At the 2005 Stinkers Bad Movie Awards, this film won the award for Worst Animated Film. At the 33rd Annie Awards, it received four nominations for Best Animated Feature, Best Animated Effects, Best Character Design, and Best Production Design, losing all to Wallace & Gromit: The Curse of the Were-Rabbit. At the 2006 Kids' Choice Awards, it was nominated for Favorite Animated Movie, but lost to Madagascar.

Award Date of Ceremony Category Recipients Results Ref.
Stinkers Bad Movie Awards 2006 Worst Picture Chicken Little Dishonourable Mention [56]
Worst Animated Film Won
Critics' Choice Awards January 9, 2006 Best Animated Feature Mark Dindal Nominated
Producers Guild of America Awards January 22, 2006 Producer of the Year Award in Animated Theatrical Motion Pictures Randy Fullmer Nominated [57]
Annie Awards February 4, 2006 Best Animated Feature Nominated [58]
Best Animated Effects - Feature Dale Mayeda Nominated
Best Character Design - Feature Joe Moshier Nominated
Best Production Design - Feature Ian Gooding, Dan Cooper, David Womersley, Mac George Nominated
Kids' Choice Awards April 1, 2006 Favorite Animated Movie Chicken Little Nominated


Chicken Little
Soundtrack album by
Various artists
ReleasedNovember 1, 2005
LabelWalt Disney
ProducerJohn Debney
Walt Disney Animation Studios chronology
Home on the Range
Chicken Little
Meet the Robinsons

The soundtrack album contains an original score composed and produced by John Debney, who had previously worked with Dindal on The Emperor's New Groove (2000), with music by a wide range of artists, some musical veterans, such as Patti LaBelle and Diana Ross, as well as others.[59] Uniquely for a Disney animated film, several of the songs are covers of classic popular songs, such as Elton John's "Don't Go Breaking My Heart", Carole King's "It's Too Late", and the Spice Girls' signature hit "Wannabe". However, the film does include one original song, "One Little Slip" by Barenaked Ladies. The soundtrack was released on November 1, 2005, by Walt Disney Records.[59]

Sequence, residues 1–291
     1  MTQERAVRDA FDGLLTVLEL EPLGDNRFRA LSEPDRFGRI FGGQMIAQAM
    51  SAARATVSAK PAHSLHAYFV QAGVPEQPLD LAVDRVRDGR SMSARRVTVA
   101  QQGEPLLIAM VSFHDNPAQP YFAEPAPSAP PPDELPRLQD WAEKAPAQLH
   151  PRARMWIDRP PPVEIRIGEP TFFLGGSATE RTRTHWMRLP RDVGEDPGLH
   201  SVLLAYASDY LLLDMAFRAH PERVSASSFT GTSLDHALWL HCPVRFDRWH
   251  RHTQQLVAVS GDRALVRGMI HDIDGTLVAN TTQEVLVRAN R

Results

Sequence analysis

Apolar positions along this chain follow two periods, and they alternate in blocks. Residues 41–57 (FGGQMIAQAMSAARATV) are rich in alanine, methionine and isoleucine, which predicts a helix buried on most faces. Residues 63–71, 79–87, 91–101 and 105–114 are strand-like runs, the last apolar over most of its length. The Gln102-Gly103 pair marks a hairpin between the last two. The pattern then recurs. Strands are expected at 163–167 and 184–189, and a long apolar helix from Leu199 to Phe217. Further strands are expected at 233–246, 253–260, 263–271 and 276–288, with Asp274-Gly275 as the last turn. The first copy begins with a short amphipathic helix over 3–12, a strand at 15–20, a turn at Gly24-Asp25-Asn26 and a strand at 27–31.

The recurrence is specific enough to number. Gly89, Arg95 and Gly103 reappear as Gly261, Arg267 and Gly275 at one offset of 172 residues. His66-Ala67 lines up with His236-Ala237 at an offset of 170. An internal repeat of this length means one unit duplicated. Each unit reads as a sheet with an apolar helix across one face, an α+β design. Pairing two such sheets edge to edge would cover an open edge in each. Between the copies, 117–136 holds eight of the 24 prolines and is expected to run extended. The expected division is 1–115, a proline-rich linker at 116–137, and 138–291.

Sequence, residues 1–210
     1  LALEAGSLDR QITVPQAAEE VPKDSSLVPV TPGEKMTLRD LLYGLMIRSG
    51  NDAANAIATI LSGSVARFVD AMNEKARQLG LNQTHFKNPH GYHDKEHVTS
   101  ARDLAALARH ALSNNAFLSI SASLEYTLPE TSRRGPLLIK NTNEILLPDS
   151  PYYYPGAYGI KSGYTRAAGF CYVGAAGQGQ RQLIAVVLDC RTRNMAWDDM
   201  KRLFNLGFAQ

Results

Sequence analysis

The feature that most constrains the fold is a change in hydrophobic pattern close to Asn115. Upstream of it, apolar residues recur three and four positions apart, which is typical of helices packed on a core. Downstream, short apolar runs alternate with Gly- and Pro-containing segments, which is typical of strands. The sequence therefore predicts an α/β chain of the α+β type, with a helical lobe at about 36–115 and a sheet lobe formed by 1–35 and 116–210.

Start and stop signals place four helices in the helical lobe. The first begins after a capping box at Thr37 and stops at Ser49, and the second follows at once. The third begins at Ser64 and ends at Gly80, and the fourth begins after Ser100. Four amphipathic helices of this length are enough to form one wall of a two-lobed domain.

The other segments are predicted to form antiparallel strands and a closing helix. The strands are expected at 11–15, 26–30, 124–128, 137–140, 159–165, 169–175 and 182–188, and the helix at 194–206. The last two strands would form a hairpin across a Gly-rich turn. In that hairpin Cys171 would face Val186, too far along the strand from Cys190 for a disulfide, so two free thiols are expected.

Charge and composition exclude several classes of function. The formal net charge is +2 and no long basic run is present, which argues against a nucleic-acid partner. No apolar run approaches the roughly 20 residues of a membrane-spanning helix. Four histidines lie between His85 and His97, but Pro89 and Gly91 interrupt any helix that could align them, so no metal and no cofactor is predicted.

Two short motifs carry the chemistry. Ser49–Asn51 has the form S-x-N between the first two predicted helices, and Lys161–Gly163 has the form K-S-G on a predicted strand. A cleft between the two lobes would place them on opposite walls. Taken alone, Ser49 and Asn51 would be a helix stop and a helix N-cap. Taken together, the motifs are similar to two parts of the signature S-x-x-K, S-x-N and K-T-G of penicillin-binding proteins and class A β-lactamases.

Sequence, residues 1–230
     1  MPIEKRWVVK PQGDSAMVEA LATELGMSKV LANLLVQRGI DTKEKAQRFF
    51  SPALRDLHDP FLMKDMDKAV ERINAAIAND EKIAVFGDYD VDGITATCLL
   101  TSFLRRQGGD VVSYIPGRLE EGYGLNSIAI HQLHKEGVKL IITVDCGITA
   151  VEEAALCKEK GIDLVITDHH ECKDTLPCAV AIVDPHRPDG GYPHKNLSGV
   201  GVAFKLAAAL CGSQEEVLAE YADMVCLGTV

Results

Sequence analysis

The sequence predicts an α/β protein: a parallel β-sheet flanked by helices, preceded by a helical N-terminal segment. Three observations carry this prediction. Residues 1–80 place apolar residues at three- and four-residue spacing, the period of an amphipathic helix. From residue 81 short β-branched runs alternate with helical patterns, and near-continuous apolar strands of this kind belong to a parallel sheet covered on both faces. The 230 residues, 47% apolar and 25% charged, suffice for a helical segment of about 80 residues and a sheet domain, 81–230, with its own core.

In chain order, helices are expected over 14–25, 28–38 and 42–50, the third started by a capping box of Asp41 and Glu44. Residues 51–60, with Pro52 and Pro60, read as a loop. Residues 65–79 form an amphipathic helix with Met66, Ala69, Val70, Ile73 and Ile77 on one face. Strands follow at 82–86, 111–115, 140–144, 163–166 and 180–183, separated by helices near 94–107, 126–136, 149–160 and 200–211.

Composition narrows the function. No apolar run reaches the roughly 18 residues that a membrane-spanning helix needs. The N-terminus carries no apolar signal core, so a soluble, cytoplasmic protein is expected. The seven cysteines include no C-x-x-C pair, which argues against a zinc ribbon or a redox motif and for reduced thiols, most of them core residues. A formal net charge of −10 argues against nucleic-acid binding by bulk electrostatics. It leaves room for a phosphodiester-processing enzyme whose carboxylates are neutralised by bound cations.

Track listing
1."Stir It Up"Joss Stone and Patti LaBelle3:42
2."One Little Slip"Barenaked Ladies2:53
3."Shake a Tail Feather"The Cheetah Girls3:05
4."All I Know"Five for Fighting3:25
5."Ain't No Mountain High Enough"Diana Ross3:28
6."It's the End of the World as We Know It (And I Feel Fine)"R.E.M.4:04
7."We Are the Champions"Zach Braff0:38
8."Wannabe"Joan Cusack and Steve Zahn0:50
9."Don't Go Breaking My Heart"The Chicken Little Cast1:53
10."The Sky is Falling" (score)John Debney2:49
11."The Big Game" (score)John Debney4:04
12."Dad Apologizes" (score)John Debney3:14
13."Chase to Cornfield" (score)John Debney2:00
14."Dodgeball" (score)John Debney1:15
15."Driving with Dad" (score)John Debney1:45
Total length:39:05

Video games

Chicken Little spawned two video games. The first, Chicken Little, is an action-adventure game released for Xbox on October 18, 2005, by Buena Vista Games. Two days later it was released for PlayStation 2, GameCube and Game Boy Advance (October 20, 2005), and later Microsoft Windows (November 2, 2005). Chicken Little for Game Boy Advance was developed by A2M, while BVG's recently acquired development studio, Avalanche Software, developed the game for the consoles.[60]

The second video game, Disney's Chicken Little: Ace in Action, is a multi-platform video game, for the Wii, Nintendo DS, Microsoft Windows, and PlayStation 2 inspired by the "superhero movie within the movie" finale of the film. It features Ace, the superhero alter ego of Chicken Little, and the Hollywood versions of his misfit band of friends: Runt, Abby, and Fish-Out-of-Water.

Chicken Little himself appears as a summon in the video game Kingdom Hearts II.[61] His inclusion is somewhat noteworthy as Kingdom Hearts II debuted before the film in Japan, with the character's inclusion serving as a promotion for the then-upcoming movie.

Cancelled franchise

Disneytoon Studios originally planned to make a direct-to-video sequel to Chicken Little, tentatively titled Chicken Little 2: The Ugly Duckling Story.[62] Directed by Klay Hall, the story would have involved Chicken Little getting into a love triangle between Abby Mallard and a beautiful newcomer, Raffaela, a French sheep. Being at a great disadvantage, Abby would go to great lengths to give herself a makeover. According to Tod Carter, a story artist on the film, early screenings of the story reel were very well-received, prompting Disney to consider increasing the production budget to match the quality of the story.[63] Soon after 2006, when John Lasseter became Walt Disney Animation Studios' new chief creative officer, he cancelled all sequels that were in development at Disneytoon, including Chicken Little 2, Meet the Robinsons 2: First Date and a sequel to The Aristocats, and ordered the studio to shift its focus towards spin-off films and original productions.[62] According to Carter, this was a reaction to the sales figures for current projects and the overall market, adding: "The executives didn't feel that the original film had a wide enough market to draw upon to support the sequel."[63]

See also